In the original film, the body (or shell) is defined as a host for the ghost, but one of the moral elements defined by the antagonist in the film is that with the net being vast and infinite, a person can exist on there without a body, and if need be transplanted themselves into another body. Based on that ideology, we can even look at our own bodies as the hosts of our minds and souls, that just so happen to be in whatever color skin you are born into. So if you’re able to leave your body to go into another one, while maintaining your own self in mind and spirit, what value does your current body really hold?

If people agree with that idea, then why is race such an issue? Isn’t a person's self-value defined by their own individual worldview, beliefs, and ideas rather than the color of skin? Wouldn’t it be more important for a person’s existence to be known by others and not by one's skin pigmentation, but by their worth to the world in what they did to make it a better place? These were the ideas I’ve interpreted from the original film in what Mamoru Oshii was trying to question, which I believe a person's lifestyle and actions are what determines their worth, not the color of skin. And if this is a solid belief to follow, then why go after this film for “whitewashing”? If anything, if people really saw the original film, they would know that the characters weren’t Asian looking at all; they all had some very tan and white skin.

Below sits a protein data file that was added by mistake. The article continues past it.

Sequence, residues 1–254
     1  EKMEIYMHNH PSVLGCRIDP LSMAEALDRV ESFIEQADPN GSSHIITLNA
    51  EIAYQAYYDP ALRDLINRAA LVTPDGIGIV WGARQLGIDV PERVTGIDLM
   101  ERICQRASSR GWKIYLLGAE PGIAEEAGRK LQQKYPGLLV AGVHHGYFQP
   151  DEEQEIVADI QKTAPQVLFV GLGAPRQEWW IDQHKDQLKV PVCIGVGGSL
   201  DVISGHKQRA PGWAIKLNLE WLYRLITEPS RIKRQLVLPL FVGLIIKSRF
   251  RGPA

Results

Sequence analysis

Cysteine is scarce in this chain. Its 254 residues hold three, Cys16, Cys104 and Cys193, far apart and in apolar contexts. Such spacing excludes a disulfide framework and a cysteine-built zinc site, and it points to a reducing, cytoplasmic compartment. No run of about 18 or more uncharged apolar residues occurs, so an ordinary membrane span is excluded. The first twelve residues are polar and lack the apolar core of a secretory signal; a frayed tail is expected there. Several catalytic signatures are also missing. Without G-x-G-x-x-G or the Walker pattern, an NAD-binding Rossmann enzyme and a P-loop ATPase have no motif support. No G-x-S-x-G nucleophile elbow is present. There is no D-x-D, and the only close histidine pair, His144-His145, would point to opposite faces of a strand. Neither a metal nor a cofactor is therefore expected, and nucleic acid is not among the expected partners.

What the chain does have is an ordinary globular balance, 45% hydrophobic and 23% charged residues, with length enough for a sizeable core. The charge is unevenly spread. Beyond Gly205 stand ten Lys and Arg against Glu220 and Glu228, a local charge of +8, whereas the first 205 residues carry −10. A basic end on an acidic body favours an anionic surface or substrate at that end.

I can’t do a whole lot in changing the already perceived mindset on why this film isn’t doing that well, but all I can say is I have no issue defending the criticisms this film is receiving for all the wrong reasons. There are issues with this film that makes this not a great film, but the media doesn’t really care all that much about that. It’s about how white people are evil. Period. If you wanna know what really went wrong, I was talking with a friend of mine who pointed out a solid point that seems NO ONE is addressing, and that is marketing. My friend felt that this film was poorly marketed to the general audience, because how would the general audience know of the source material from something that came out 20 years ago (that was already adapted from another source) that only anime fans knew of?